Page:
Anthropologist blends linguistic studies with wearable art

By Kelsey Gobroski
Sun Star Contributor

An anthropologist and metalsmith has combined 17 years of cultural and linguistic study with a lifelong love of jewelry-making to produce a collection of Alaska Native culturally inspired jewelry pieces. In a slide show presentation at Schaible Auditorium last Friday, Joan Tenenbaum recounted the lifelong journey that led her to creating these pieces.

Tenenbaum works native Alaskan cultural elements into most of her jewelry designs. Ulu shapes, animals, natural landscapes, and traditional symbolism all find their way into her wearable art. She said she has been influenced by museum exhibits, as well as by her life as an anthropologist living in three Alaskan villages.

Soon after coming to Alaska from Columbia University, she moved to Nondalton, an Athabaskan village 200 miles southwest of Anchorage, to write a dictionary of the Dena’ina language. She was divided by her love of metalsmithing and her sense of obligation to her linguistic duties. Later, she would realize that she could combine the two disciplines, but she said that at the time she was conflicted. “I felt at the time like I was in a steel cage with the door open,” she said, explaining that the door was her dissertation. If she could just get through that door she would be free to practice her art full time. But she said she continued to be sidetracked even after she had finished in Nondalton.

Tenenbaum said her first village-inspired pieces came from her sense of not belonging.

By the time she settled into the Inupiaq Eskimo village of Shishmaref, near Nome, she was beginning to take her inspiration from the landforms around her. She brought her jewelry supplies with her and crafted several pieces that were influenced by Ear Mountain, south of the village in the Bering Land Bridge National Preserve.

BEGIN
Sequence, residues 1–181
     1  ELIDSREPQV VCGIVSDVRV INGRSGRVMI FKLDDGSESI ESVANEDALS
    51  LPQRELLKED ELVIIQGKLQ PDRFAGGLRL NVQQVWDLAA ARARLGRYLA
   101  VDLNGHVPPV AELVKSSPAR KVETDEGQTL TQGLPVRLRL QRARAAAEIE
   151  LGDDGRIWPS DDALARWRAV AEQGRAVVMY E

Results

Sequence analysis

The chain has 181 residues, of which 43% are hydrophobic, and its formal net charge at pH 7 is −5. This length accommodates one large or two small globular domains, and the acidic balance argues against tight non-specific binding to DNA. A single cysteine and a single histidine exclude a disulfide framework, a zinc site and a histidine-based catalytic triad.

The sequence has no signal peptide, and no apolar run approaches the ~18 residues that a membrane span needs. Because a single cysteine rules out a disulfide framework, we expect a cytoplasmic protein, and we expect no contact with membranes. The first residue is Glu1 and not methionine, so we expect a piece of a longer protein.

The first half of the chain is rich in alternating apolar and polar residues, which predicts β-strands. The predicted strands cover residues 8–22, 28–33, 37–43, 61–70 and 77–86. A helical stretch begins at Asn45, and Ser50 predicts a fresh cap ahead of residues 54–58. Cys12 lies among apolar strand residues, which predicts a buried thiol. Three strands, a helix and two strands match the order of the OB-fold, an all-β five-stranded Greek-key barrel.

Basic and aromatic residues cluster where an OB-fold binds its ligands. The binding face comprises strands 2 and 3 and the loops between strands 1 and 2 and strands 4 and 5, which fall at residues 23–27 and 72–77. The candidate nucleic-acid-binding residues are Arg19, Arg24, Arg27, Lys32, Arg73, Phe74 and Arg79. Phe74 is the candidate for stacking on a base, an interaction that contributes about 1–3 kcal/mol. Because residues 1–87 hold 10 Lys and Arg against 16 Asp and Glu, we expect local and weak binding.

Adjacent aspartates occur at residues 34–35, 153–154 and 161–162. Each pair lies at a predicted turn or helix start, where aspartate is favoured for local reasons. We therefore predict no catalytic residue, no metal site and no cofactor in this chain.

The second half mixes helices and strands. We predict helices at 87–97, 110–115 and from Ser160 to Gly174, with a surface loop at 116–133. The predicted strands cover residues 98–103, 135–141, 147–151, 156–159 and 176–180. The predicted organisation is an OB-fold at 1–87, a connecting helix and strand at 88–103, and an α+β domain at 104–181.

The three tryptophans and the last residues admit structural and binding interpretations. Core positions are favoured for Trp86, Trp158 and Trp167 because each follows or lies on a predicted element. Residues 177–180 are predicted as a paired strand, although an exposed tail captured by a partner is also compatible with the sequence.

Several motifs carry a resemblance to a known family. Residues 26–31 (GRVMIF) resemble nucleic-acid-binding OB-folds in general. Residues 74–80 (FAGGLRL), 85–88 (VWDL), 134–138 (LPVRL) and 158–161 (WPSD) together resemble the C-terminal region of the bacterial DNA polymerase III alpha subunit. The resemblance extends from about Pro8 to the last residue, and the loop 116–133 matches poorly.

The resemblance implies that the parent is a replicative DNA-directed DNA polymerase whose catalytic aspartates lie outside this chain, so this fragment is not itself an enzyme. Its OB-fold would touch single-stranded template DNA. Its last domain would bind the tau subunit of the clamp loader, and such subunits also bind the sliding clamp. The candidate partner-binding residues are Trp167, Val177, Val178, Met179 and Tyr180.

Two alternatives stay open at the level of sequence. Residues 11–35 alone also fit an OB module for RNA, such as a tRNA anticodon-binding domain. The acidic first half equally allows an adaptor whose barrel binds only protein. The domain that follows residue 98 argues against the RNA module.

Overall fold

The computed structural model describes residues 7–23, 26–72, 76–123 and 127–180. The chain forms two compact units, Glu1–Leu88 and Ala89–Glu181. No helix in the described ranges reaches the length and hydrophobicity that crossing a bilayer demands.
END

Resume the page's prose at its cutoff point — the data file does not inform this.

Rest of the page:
Tenenbaum’s third extended stopover was in the Yup’ik Eskimo village of Cherfornak, located 100 miles southwest of Bethel. Here, as in Shishmaref, she found her artistic muse in the closest mountain, this time a 381 foot peak called Tern Mountain located six miles away from Cherfornak. “Every morning I needed to gaze on [the mountain], needed reassurance of its mass,” Tenenbaum said.

Tenenbaum has also done pieces inspired by other subjects, such as one she made after Hurricane Katrina. “I have seen art to be such a constructive way to respond to tragedy and hardship,” she said.

But the bulk of her work continues to reflect the culture and the values of the indigenous people of Alaska. She explains that she was motivated to let her art speak for those people when she began to see knockoffs of Yup’ik masks being sold without any explanation of their cultural value. “I vowed that night to let my work be an advocate for the peoples I had lived with,” she said. According to Tenenbaum, when she returned to Chefornak with photos of her work, the residents said, “you understand us.”

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